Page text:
Stacy SchiffCleopatra: A Life

Back Bay Books, 2011

by Oline Eaton on December 7, 2011

Stacy Schiff

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Aside from being aesthetically equated to Elizabeth Taylor, Cleopatra has not fared well in history. In her riveting biography Cleopatra: A Life (Back Bay Books, 2011), which is now out in paperback, Stacy Schiff establishes that this was primarily because Cleopatra’s story was penned by a crowd of Roman historians for whom “citing her sexual prowess was evidently less discomfiting than acknowledging her intellectual gifts.”

Schiff exhibits no such discomfort and, in brilliant contrast, seems to revel in her subject’s lively intelligence. She establishes from the out-set that, above all, Cleopatra was a consummate politician—a visionary who shaped her own persona and her people’s perception through both exceptional leadership and canny political stagecraft.

One of the most significant contributions of Cleopatra: A Life is that it provides us with the least tainted view of the Egyptian queen to date. Schiff assiduously teases out the motivations of Cleopatra’s chroniclers, and the result is a compelling rendering wherein the myths surrounding the last Egyptian queen are not only deconstructed but their origins are also explained. With the veils of myth removed, the Cleopatra that emerges in Schiff’s sensitive and probing portrait is a smarter, wiser woman, and one of the strongest, most influential rulers of the ancient world.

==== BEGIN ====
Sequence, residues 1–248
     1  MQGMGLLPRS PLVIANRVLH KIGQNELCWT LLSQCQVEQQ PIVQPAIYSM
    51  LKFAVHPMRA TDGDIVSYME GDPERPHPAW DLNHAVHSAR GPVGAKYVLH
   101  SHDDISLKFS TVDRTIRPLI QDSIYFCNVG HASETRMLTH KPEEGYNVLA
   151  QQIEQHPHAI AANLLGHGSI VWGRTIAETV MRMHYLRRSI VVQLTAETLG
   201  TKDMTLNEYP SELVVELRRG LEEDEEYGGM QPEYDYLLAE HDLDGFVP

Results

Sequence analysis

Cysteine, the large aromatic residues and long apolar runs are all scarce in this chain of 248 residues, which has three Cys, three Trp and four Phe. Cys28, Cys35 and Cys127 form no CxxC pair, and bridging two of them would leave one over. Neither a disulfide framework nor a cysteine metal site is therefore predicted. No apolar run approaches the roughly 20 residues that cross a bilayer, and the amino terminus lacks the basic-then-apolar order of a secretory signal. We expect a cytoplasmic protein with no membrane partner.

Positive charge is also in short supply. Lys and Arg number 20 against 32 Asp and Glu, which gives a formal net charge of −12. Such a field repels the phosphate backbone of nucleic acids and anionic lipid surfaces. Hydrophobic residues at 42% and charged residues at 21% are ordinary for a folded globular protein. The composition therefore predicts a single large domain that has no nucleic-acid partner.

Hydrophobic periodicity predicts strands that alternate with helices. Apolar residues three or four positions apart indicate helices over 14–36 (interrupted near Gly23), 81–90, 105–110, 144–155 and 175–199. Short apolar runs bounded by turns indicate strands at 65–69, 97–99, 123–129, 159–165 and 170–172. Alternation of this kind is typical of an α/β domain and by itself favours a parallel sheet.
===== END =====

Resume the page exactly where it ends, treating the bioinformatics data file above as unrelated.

{ 3 comments… read them below or add one }

L. Petrakis, PhD August 16, 2012 at 5:52 am

On p. 9 Back Bay Books edition of CLEOPATRA, Ms Schiff writes re The Hellenistic Era: “It has been perhaps best defined as a Greek era in which the Greeks played no role”.

The great men who made the Hellenistic era -Archimedes, Euclid, Eratosthenes, Callimachos, Theocritos, Aristarchos, Epicurus, Zeno of Citium, Ptolemy I Soter (Savior), the great sculptors and architects, the men of the Mouseion and libraries of Alexandria and Pergamon- spoke and wrote in Greek, considered themselves Greek.

Is Ms Schiff kidding?

Cleopatra April 22, 2012 at 1:32 am

She infamously involved herself with Julius Caesar and even had a child with him to ensure that the throne of Egypt was safe in her hands. Cleopatra was very politically savvy and did not let anything stand in her way and power. In fact, after coming to sole power after the death of Ptolemy XIII had her remaining brother and sister killed so that no one would contest the throne.

Pamela Liljeberg December 9, 2011 at 9:04 am

Thank you for the interesting and informative insight into this author and book. I have always been interested in Cleopatra and I am looking forward to reading a different perspective of her life. I especially appreciate knowing how and why Ms Schiff chose to write about Cleopatra.

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